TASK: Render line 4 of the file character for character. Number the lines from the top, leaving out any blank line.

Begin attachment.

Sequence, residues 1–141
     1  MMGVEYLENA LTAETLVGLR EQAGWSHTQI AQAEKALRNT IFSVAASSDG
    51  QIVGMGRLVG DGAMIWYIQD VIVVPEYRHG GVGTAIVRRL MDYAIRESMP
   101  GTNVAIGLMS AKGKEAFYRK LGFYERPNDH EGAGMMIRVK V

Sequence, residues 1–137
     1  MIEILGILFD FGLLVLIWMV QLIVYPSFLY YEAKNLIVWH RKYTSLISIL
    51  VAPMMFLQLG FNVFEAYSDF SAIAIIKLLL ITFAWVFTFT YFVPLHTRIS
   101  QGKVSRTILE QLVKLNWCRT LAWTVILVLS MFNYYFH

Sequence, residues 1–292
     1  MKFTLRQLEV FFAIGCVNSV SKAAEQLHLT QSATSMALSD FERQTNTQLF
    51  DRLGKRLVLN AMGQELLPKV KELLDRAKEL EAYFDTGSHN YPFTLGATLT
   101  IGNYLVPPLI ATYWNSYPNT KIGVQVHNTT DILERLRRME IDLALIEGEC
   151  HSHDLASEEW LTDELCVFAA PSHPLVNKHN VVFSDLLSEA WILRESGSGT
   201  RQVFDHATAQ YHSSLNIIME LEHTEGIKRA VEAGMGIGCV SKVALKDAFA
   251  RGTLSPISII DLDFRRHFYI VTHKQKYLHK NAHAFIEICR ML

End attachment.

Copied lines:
   101  GTNVAIGLMS AKGKEAFYRK LGFYERPNDH EGAGMMIRVK V